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Population-based case-control study of recreational drug use and testis cancer risk confirms an association between marijuana use and nonseminoma risk†
Version of Record online: 10 SEP 2012
Copyright © 2012 American Cancer Society
Volume 118, Issue 21, pages 5374–5383, 1 November 2012
How to Cite
Lacson, J. C. A., Carroll, J. D., Tuazon, E., Castelao, E. J., Bernstein, L. and Cortessis, V. K. (2012), Population-based case-control study of recreational drug use and testis cancer risk confirms an association between marijuana use and nonseminoma risk. Cancer, 118: 5374–5383. doi: 10.1002/cncr.27554
The ideas and opinions expressed herein are those of the authors, and endorsement by the State of California, Department of Health Services, the National Cancer Institute, and the Centers for Disease Control and Prevention or their contractors and subcontractors is not intended nor should be concluded.
- Issue online: 19 OCT 2012
- Version of Record online: 10 SEP 2012
- Manuscript Accepted: 22 FEB 2012
- Manuscript Revised: 2 FEB 2012
- Manuscript Received: 30 SEP 2011
- testicular germ cell tumors;
- amyl nitrite;
- recreational drug use;
Testicular germ cell tumor (TGCT) incidence increased steadily in recent decades, but causes remain elusive. Germ cell function may be influenced by cannabinoids, and 2 prior epidemiologic studies reported that the use of marijuana may be associated with nonseminomatous TGCT. Here, the authors evaluate the relation between TGCTs and exposure to marijuana and other recreational drugs using a population-based case-control study.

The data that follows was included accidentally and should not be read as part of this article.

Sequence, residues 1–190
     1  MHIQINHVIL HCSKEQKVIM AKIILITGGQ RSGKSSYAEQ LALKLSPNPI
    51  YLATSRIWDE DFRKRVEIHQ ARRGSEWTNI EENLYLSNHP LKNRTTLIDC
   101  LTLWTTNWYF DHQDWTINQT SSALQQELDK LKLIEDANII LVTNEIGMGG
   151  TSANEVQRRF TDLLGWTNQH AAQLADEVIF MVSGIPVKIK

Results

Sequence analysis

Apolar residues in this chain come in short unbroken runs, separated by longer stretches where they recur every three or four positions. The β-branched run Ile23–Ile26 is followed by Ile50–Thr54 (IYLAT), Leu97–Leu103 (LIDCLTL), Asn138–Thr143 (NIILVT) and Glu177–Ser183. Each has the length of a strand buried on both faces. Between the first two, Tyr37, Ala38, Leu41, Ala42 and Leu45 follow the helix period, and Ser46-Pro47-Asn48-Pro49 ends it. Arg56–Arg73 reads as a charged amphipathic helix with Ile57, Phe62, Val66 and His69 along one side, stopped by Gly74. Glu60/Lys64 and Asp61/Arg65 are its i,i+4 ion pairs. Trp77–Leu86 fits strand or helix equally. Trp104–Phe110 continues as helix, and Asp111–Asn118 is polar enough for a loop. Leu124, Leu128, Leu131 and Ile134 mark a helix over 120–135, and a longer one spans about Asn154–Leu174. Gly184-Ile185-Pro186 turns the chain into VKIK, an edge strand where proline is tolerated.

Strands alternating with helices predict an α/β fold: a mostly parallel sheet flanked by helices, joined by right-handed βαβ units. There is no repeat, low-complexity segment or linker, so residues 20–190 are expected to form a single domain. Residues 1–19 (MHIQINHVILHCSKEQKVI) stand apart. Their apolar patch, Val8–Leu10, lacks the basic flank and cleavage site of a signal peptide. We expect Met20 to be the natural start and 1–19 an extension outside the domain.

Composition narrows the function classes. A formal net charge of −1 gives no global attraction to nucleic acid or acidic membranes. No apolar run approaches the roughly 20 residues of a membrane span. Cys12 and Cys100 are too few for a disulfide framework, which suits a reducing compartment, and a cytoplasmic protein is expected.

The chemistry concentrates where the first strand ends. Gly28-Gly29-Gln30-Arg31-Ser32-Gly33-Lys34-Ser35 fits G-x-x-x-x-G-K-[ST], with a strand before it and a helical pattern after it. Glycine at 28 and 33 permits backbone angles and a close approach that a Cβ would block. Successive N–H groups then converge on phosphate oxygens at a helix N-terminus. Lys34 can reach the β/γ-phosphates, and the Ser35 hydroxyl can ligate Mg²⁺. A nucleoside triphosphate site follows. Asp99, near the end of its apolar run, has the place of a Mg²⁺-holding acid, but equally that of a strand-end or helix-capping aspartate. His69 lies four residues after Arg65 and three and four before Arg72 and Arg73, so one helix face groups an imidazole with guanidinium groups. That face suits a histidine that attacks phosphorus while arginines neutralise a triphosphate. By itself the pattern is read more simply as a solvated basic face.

In total, 163 patients who were diagnosed with TGCT in Los Angeles County from December 1986 to April 1991 were enrolled, and 292 controls were matched on age, race/ethnicity, and neighborhood. Participants were asked about drug use by a structured, in-person interview. Odds ratios (ORs) and 95% confidence intervals (CIs) were estimated using conditional logistic regression analysis adjusted for history of cryptorchidism; education; religiosity; and reported use of marijuana, cocaine, and amyl nitrite.
Compared with never use, ever use of marijuana had a 2-fold increased risk (OR, 1.94; 95% CI, 1.02-3.68), whereas ever use of cocaine had a negative association with TGCT (OR, 0.54; 95% CI, 0.32-0.91). Stratification on tumor histology revealed a specific association of marijuana use with nonseminoma and mixed histology tumors (OR, 2.42; 95% CI, 1.08-5.42).
A specific association was observed between marijuana use and the risk of nonseminoma and mixed tumors. To the authors' knowledge, this is the first report of a negative association between cocaine use and TGCT risk. The current results warrant mechanistic studies of marijuana's effect on the endocannabinoid system and TGCT risk and caution that recreational and therapeutic use of cannabinoids by young men may confer malignant potential to testicular germ cells. Cancer 2012. © 2012 American Cancer Society.